One of the key decisions when considering leaving a financial legacy behind for loved ones in a Trust is whether to provide access to the money as a lump-sum or in instalments in the event of death. It should be reiterated that, in a Trust structure, there is no standard way of distributing assets to the beneficiaries. The settlor of the Trust decides how assets should be disbursed.
For example, the settlor can determine that the beneficiaries receive the Trust assets directly with no restrictions. In the event of the settlor’s death, the Trustee can write the beneficiary a cheque, give them cash, and transfer real estate by drawing up a new deed, or selling the house and giving them the sales proceeds. Meanwhile, if properties in Trust are rented out, the beneficiaries can also derive regular rental income from the Trust. This can potentially lock in a predictable income stream for them over an extended period. While this type of distribution is straightforward, it doesn’t come with any protections which may be important to some settlors.
It is natural for many beneficiaries to prefer to receive their legacies in a lump-sum, but what if they have not handled large sums of money before? Does the recipient have the financial maturity and savviness to ensure that the legacy is not spent frivolously? Furthermore, there is a chance that beneficiaries of a large sum of money will be a victim of fraudulent or misguided financial advice, or financial scams. This might see them squander the legacy faster than expected.
As an example of potential dangers, The Straits Times recently reported an “epidemic of scams” where victims in Singapore have lost close to S$1 billion in the last five and a half years. Police reported that 90% of the scams in Singapore originated from overseas. Such news is likely to make people somewhat uneasy about leaving a lump-sum to their beneficiaries, especially if they are minors. They may lean towards making staggered payouts instead. There are bound to be complaints from some beneficiaries but in the long run, this may be the best option.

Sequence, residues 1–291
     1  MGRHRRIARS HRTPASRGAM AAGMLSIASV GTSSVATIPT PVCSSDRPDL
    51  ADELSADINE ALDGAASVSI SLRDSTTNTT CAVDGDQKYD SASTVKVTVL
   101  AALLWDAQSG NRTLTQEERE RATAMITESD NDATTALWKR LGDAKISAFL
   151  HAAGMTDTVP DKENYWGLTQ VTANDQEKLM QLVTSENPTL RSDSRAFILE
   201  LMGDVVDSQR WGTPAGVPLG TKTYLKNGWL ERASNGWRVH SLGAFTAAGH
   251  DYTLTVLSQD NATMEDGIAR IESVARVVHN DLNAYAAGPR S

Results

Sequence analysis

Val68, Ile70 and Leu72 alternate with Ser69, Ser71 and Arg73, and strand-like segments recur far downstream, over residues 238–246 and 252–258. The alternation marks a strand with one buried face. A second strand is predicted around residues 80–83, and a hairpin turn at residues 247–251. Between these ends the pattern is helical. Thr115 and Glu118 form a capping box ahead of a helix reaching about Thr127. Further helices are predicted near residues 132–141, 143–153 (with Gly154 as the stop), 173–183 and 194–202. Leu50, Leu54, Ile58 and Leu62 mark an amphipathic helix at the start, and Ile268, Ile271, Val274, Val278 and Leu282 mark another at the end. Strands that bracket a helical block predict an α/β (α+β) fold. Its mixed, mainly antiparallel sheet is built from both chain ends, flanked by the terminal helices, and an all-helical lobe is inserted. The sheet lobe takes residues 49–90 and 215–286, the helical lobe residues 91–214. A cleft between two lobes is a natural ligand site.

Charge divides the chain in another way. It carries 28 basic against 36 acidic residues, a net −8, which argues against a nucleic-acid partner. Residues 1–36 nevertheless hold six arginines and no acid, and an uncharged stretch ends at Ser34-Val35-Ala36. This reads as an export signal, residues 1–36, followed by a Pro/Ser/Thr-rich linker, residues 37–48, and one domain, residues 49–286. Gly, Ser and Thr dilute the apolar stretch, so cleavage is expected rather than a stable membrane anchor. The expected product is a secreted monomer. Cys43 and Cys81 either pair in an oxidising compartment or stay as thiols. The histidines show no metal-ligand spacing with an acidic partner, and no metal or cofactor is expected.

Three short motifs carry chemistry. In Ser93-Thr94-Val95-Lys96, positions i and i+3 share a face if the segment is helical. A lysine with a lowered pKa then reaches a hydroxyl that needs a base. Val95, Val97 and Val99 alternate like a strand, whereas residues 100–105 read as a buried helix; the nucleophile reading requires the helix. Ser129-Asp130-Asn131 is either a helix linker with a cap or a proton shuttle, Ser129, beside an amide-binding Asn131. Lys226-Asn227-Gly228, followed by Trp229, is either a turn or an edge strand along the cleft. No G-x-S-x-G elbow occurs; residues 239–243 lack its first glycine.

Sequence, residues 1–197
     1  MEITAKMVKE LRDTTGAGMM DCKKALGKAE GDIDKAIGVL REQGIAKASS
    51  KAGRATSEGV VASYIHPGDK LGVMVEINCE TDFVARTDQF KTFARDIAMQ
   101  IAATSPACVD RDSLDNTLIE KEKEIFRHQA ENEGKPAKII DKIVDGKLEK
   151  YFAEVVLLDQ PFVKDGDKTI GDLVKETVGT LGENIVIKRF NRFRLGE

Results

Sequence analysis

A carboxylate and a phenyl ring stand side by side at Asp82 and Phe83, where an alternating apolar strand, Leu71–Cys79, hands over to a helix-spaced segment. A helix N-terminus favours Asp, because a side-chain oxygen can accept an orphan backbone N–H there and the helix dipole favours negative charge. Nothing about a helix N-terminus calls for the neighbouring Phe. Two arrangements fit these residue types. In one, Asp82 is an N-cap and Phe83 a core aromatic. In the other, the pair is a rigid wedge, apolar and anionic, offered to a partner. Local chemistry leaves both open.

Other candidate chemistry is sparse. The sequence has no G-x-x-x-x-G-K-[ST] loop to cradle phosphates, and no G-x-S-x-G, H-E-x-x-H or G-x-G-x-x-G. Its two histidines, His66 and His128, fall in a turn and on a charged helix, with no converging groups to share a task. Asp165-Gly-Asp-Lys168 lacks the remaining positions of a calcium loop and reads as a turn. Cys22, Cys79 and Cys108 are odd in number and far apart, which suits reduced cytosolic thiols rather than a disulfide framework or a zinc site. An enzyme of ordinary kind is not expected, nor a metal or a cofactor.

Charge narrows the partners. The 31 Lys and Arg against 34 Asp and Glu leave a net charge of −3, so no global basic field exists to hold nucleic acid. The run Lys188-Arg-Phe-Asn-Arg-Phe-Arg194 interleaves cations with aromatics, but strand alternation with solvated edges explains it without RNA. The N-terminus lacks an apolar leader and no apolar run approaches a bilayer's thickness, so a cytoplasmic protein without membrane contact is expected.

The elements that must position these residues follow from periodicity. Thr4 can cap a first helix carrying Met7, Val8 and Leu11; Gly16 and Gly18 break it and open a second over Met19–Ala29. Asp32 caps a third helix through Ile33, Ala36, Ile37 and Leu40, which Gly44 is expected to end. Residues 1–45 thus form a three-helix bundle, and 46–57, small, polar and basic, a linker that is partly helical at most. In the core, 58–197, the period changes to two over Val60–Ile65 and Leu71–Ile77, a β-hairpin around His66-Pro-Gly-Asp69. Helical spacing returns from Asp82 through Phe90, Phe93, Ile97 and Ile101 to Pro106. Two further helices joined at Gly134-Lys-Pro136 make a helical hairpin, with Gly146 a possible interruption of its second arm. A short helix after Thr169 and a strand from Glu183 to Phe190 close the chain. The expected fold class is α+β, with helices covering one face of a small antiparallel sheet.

Advantage of staggered payouts
Staggered payouts are typically targeted at beneficiaries who may not be financially savvy enough at the time of disbursement. For example, the settlor may choose to distribute Trust funds on a timely basis, like monthly, or only after certain events that trigger disbursements, such as when the beneficiary turns 18 or gets married or has her first child.
A Trust can also make incremental payments over the years, or even make distributions based on the Trustee’s assessments. The Trustee can be entrusted to determine when and what a beneficiary receives from the Trust. For example, a discretionary Trust is commonly created for beneficiaries who have trouble managing their money. This suggests that the Trustee has to be someone who is known to the beneficiary and also trusted.
If a settlor has chosen staggered payouts to the beneficiaries, the Trustee must also be able to manage the Trust assets that lends potential for the assets to grow. In other words, the Trustee makes investments decisions, directly or indirectly, that will enhance the nest egg. This should increase the value of the Trust and in turn add value to the benefits that go to the beneficiaries. In this way, a settlor could potentially leave an expanding nest egg for the beneficiaries, even after death.
Finally, the option of staggered payouts can also protect beneficiaries from creditors. If a lump-sum is handed to a beneficiary, the Trustee has no control over what happens to that money. Creditors may lay claim to the assets, or the assets could be eroded or lost in a divorce or bankruptcy. By keeping the assets in a Trust, and staggering the disbursements, there is more control over assets. They can be protected over a longer period of time.
In the next blog post, we look at how a Trust can prevent the sale of property in the event of death